We cannot make a convincing conclusion from only one dataset. Anisotropy may come from systematic uncertainty, as well as the intrinsic property of the universe. In this paper, we use different datasets published by literatures to constrain possible anisotropy of the universe. If the privileged axes derived from different datasets are close to each other, we can safely conclude that anisotropy is an intrinsic property of the universe. Otherwise, systematic uncertainty may dominate. The rest of the paper is arranged as follows: In section 2, we briefly introduce the anisotropic cosmological model in the Finsler-Randers spacetime. In section 3, SNe Ia data calibrated from four different light curve fitters are used to constrain the model parameters. We first fit the data of each group independently. Then, the intersection of four groups is picked out to fit the model. Finally, we re-analyze the data by restricting the redshift to . In section 4, Monte Carlo simulation is performed to rule out the selection effect. Discussions and conclusions are given in section 5.
2 Anisotropic cosmological model in the Finsler-Randers spacetime
In the standard cosmological model, the spacetime is of Riemann type and the line element is described by FRW metric. In the Finsler-Randers spacetime, however, the line element can be written as the spatially flat FRW line element added by an extra 1-form Chang:2013 ()
where is the four-dimensional spacetime coordinate. The 1-form on the right-hand-side of Eq.(1) picks out a privileged axis in the universe. For convenience, the direction of privileged axis is denoted by . Here and after, we take the convention that a hat over a vector denotes the unit vector along that direction. Chang et al. Chang:2013 () have showed that the anisotropy of Hubble diagram originates from spatial components of the privileged axis. Without loss of generality, one can choose a Cartesian coordinate system (CCS) such that the -axis is exactly towards the privileged direction. Furthermore, assuming that the 1-form does not depend on the spacetime coordinates, then Eq.(1) simplifies to
where represents the anisotropic magnitude of the universe. And by the assumptions above, is a constant.
The redshift of a supernova relates to its direction and time as Chang:2013 ()
where is the angle between and , and is the scale factor of the universe. Following the similar procedure in the CDM model Weinberg:2008 (), we can derive the distance-redshift relation in the Finsler-Randers spacetime. For a supernova locating at direction and redshift on the sky, the luminosity distance can be modified to be Chang:2013 ()
Note that when we derive Eq.(4), we have neglected the terms of order or higher. From observational considerations, the universe should not be too deviated from isotropy. Thus, we have . When the anisotropy vanishes, i.e., , Eq.(4) returns back to that of CDM model. In practice, it is more convenient to transform the luminosity distance to the dimensionless distance modulus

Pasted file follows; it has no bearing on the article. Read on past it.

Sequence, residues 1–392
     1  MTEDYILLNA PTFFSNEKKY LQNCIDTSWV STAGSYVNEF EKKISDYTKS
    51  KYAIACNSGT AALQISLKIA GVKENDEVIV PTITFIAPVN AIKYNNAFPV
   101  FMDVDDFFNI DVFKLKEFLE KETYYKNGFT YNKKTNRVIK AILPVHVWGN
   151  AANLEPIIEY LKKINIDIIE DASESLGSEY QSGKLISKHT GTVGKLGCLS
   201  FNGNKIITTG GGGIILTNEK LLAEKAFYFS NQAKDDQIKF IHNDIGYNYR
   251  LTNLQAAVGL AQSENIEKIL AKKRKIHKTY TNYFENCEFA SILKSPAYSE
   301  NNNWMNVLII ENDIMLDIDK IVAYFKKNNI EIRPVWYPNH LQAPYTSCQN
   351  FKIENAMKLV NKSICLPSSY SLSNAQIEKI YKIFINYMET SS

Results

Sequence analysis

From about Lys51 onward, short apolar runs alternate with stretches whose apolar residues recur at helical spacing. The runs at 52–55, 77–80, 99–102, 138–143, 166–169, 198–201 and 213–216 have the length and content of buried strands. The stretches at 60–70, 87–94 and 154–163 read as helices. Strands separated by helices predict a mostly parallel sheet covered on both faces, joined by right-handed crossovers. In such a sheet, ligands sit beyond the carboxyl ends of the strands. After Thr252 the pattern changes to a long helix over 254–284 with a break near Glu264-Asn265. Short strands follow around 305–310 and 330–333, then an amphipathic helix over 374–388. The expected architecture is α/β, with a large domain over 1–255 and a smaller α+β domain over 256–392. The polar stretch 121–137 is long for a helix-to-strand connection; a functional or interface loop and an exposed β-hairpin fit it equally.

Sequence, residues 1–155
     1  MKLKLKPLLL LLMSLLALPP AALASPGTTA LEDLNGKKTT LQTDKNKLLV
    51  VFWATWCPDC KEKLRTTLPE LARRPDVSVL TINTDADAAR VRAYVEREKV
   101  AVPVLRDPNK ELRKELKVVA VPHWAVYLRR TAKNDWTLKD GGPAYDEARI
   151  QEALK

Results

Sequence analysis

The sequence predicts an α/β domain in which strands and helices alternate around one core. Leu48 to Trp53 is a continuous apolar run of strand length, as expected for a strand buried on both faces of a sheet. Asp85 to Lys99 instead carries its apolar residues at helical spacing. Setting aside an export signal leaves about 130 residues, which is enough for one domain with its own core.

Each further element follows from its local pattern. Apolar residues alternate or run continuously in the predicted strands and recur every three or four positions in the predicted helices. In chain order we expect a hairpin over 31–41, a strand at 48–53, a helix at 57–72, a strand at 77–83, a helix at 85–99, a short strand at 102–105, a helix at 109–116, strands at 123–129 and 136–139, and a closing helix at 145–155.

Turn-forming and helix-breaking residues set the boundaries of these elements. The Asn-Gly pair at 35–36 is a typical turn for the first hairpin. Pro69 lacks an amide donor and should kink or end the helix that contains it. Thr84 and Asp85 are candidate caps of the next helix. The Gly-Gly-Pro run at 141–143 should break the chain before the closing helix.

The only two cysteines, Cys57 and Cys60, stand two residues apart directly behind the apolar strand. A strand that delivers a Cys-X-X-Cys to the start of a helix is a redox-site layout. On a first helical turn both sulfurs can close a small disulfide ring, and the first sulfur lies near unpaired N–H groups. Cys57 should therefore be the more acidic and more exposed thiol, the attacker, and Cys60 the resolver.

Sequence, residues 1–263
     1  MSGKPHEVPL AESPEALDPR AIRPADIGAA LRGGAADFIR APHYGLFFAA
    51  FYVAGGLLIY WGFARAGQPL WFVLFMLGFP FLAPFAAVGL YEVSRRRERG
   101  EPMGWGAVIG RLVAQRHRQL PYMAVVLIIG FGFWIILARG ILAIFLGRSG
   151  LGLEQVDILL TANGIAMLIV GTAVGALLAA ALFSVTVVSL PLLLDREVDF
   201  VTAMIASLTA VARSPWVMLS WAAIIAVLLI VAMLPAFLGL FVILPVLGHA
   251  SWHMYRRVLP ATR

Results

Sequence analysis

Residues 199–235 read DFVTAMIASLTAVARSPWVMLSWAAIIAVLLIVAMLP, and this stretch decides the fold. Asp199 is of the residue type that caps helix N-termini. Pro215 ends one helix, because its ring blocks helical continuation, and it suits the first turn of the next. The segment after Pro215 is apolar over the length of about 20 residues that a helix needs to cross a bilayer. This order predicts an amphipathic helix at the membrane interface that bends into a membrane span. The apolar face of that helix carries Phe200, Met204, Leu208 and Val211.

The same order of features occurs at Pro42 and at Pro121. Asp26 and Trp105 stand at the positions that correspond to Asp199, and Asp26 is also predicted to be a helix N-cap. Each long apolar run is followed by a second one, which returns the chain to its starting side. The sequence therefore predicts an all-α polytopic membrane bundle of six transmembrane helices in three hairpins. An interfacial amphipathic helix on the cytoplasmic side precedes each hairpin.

3 Numerical constraints from SNe Ia
In this section, we use four groups of SNe Ia data published by literatures to constrain the model parameters. The data were originally published by Hicken et al. Hicken:2009 (). They combined the CfA3 Hicken:2009aa () SNe Ia with the Union set Kowalski:2008 () to form the so-called Constitution set. The distance-redshift relation was calibrated from four different light curve fitters: MLCS17, MLCS31, SALT and SALT2. There are 372, 366, 397 and 351 SNe Ia in each group, respectively. The intersection of four groups contains 258 SNe Ia. However, not all the data are suitable to be used to constrain the cosmological parameters. For example, MLCS overestimates the intrinsic luminosity of SNe Ia with , and MLCS31 overestimates while MLCS17 does not. Hicken et al. Hicken:2009 () proposed the criteria that & for MLCS17 and MLCS31, while for SALT and SALT2. Here, is the host galaxy extinction parameter, is the shape/luminosity parameter, and is the color parameter. If we take the criteria into consideration, the number of SNe Ia in each group reduces to 324, 298, 309 and 265, respectively. The intersection of four groups consists of 183 SNe Ia. The highest redshift of SNe Ia in these four groups extends to 1.55, 1.39, 1.37 and 1.40, respectively. The distribution of SNe Ia in the sky of equatorial coordinate system (ECS) is plotted in Figure 1. SNe Ia that do not satisfy the criteria are neglected. Red dots correspond to the intersection of four groups. We can see that in each group, SNe Ia are approximately homogeneously distributed in the sky.
Kalus et al. kalus:2013 () used low-redshift SNe Ia in the Constitution set to test the isotropic expansion of the local universe. By comparing the best-fit Hubble diagrams in pairs of hemispheres, they found that the directions of highest expansion derived from four groups differ from each other. The axes referred from MLCS17 and SALT2 approximately point towards the same direction, i.e., in galactic coordinate system (GCS). The direction obtained from SALT is , which is almost perpendicular to the directions obtained from MLCS17 and SLAT2. The anisotropic magnitudes derived by fitting the data of four groups seem to be close to each other, with an averaged Hubble anisotropy . This is consistent with the order of magnitude that can be expected by cosmic variance in the CDM universe. In order to compare with our results later, we list the results of Ref.kalus:2013 () in Table 1.